Exercise After Latissimus Dorsi Flap Reconstruction
A latissimus dorsi flap reconstruction is usually performed after a breast has been removed due, for example, to cancer. The latissimus dorsi muscle extends from your back, over your shoulder blade, and under your armpit. The reconstruction procedure involves taking a piece of the muscle and sliding it around to your chest, where it is shaped into a breast and sewn into place, says Breastcancer.org.
According to the Gateshead Health NHS Foundation Trust, you should be able to start light activity about three to four weeks after surgery. You will also be prescribed arm and shoulder exercises by your physiotherapist to restore strength and range of motion to the injured muscle. You should avoid doing any heavy lifting for at least six weeks after surgery. Before starting any rehabilitation exercises, check with your doctor or physiotherapist and stop immediately if you feel any pain.
Basic Strengthening Exercise
In the early stages of rehabilitation, the following exercise improves strength and promotes healing. Kneel down and loop a resistance band securely around a sturdy table leg or door handle. Take hold of the ends in both hands. Starting with straight arms, then bend your elbows to slowly draw your hands in to your waist. Squeeze your shoulder blades together and hold for a couple of seconds; then straighten your arms and return to the starting position. Aim to do three sets of 10 repetitions.
Advanced Strengthening Exercise
You should only progress to this exercise once you can perform the basic strengthening exercise with ease, says PhysioAdvisor.com. You will need an exercise ball and a light hand weight. Position the ball under your shoulder blades and plant your feet firmly on the floor, with your knees bent at right angles. Hold the hand weight in both hands and raise it straight up in front of you, directly above your shoulders. Then slowly lower it back over your head -- only go as far as you can without causing pain. Return your arms to the starting position, and complete three sets of 10 repetitions. Make sure you keep your back and the ball still throughout the movement.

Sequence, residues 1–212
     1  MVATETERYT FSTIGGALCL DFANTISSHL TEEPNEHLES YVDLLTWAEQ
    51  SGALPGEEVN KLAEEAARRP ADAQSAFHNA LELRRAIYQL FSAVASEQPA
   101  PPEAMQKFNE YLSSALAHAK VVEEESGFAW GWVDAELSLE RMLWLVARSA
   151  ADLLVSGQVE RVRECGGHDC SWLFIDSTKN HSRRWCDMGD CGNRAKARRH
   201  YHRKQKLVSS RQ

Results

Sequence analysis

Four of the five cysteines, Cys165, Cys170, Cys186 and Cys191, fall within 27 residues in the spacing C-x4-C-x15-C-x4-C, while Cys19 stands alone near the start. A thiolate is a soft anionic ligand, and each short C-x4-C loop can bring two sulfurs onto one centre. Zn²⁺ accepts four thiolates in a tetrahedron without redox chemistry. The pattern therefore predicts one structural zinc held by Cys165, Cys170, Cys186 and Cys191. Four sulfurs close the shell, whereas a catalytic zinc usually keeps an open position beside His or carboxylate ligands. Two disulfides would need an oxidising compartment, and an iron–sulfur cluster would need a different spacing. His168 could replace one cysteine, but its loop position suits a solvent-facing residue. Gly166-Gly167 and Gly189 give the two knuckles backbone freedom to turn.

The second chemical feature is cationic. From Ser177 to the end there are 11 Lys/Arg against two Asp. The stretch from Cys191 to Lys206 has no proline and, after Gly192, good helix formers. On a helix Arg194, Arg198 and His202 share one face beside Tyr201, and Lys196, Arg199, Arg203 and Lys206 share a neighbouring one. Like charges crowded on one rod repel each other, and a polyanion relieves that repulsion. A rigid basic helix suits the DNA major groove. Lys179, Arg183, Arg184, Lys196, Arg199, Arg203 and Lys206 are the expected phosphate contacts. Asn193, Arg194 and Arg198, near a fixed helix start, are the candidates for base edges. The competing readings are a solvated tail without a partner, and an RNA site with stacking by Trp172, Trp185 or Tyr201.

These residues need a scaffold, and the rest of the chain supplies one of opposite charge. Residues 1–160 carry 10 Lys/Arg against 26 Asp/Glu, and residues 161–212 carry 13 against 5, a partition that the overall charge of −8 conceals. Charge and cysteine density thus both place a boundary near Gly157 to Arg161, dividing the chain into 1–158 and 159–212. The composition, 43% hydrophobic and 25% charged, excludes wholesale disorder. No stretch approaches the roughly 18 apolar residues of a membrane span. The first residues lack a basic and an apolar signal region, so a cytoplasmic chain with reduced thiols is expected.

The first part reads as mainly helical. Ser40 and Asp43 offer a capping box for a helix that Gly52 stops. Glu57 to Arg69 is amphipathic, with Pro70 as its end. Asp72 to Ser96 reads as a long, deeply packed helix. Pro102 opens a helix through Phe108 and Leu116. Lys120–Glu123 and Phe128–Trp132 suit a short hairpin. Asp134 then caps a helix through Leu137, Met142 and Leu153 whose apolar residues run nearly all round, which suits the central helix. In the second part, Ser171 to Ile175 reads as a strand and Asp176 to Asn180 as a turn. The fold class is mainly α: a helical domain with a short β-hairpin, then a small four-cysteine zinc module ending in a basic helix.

Gentle stretches for your back and shoulder will help improve the flexibility of your latissimus dorsi muscle. A good beginner’s stretch involves placing your injured arm on a wall, just above shoulder height, and using your fingers to inch your hand higher. You should feel a gentle stretch across your shoulder blade. Only go as far as you can without causing pain, but gradually increase the height of your hand as your flexibility improves.
Range of Motion Exercise
To improve the mobility of your back and shoulder, stand to the side of a table, placing your uninjured arm on it for support. Bend over so that your injured arm is hanging straight down; then gently swing it forward and backward 10 times. Repeat the movement, this time from side to side. Next do arm circles in both directions, starting with small movements and gradually increasing them as your range of motion improves.
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